Another interesting aspect of the RCRA exemption is its reliance, to some extent, on non-mandatory guidelines that are intended to improve state regulations. Because the EPA recognized that some oil and gas exploration and production wastes were hazardous when it exempted them from RCRA Subtitle C regulation, the agency noted that some gaps in state regulation needed to be filled. As a solution, the agency gave money to the Interstate Oil and Gas Compact Commission to review state regulations, and the IOGCC formed something called the State Review of Oil & Natural Gas Environmental Regulations, Inc., or "STRONGER." STRONGER brings together representatives from industry, state environmental agencies, and environmental groups to review the efficacy of state oil and gas regulations, but STRONGER is of course not a regulatory agency. After reviewing the adequacy of regulations--including recent reviews specific to hydraulic fracturing--STRONGER develops non-mandatory "guidelines" for better state laws. In evaluating whether the RCRA exemption is a good idea, we should therefore look both to the data and assumptions behind the EPA's 1988 exemption decision and to its assumption about how states would improve their laws by, for example, following STRONGER recommendations.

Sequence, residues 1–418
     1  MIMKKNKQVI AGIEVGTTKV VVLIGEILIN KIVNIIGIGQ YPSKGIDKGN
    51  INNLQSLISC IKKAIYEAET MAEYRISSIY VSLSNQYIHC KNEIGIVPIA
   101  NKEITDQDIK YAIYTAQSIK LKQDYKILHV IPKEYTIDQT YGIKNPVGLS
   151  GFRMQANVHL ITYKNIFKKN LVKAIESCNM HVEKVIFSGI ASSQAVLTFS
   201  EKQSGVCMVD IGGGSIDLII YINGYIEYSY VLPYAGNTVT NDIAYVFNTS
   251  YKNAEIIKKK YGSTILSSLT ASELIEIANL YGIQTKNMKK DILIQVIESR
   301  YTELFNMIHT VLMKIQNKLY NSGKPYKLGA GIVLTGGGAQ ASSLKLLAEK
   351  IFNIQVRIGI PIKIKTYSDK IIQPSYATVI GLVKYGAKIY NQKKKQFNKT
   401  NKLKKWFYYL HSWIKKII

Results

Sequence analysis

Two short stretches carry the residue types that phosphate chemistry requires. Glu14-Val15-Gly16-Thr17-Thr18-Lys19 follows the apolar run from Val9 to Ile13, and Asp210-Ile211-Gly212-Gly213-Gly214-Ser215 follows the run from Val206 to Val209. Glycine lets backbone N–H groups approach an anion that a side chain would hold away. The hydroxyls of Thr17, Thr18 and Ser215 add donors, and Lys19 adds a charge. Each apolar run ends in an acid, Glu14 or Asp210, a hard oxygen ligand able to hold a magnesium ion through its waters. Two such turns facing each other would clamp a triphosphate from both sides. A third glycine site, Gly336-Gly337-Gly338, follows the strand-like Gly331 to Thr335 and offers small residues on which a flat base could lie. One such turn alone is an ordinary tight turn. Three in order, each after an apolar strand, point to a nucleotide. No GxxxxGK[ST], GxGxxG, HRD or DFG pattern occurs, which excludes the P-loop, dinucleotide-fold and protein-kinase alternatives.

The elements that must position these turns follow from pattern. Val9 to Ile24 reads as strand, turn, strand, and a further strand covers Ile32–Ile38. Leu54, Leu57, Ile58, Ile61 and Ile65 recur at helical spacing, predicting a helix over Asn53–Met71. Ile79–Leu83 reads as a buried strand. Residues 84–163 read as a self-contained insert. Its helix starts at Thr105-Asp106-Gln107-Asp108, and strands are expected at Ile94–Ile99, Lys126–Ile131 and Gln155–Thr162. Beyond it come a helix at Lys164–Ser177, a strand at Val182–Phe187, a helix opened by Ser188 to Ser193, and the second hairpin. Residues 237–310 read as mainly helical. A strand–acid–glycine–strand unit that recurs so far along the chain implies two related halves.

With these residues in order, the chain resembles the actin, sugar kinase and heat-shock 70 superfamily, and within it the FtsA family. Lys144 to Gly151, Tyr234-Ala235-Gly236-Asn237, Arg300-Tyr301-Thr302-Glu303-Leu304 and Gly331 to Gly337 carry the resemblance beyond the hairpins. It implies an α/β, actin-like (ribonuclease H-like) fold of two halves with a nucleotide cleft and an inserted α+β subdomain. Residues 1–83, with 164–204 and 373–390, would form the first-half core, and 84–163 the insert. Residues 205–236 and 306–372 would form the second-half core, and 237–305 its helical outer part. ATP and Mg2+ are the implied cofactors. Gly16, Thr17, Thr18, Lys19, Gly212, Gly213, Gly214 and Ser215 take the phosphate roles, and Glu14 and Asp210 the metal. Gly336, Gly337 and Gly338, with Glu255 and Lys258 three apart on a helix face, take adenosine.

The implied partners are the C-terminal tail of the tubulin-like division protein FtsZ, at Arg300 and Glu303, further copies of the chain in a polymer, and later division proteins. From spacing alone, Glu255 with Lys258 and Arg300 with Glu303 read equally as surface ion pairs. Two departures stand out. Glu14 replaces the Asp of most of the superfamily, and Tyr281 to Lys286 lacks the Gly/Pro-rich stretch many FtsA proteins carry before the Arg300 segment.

A second important oil and gas exemption in federal environmental law is the exemption of uncontaminated sediments from oil and gas construction sites from National Pollutant Discharge Elimination System stormwater permitting requirements. The EPA has a useful website that summarizes several aspects of this exemption, including: its original text; Congress's attempt to expand the exemption to most oil and gas construction, exploration, and production activities in the Energy Policy Act of 2005; and subsequent litigation that has somewhat narrowed this attempted expansion.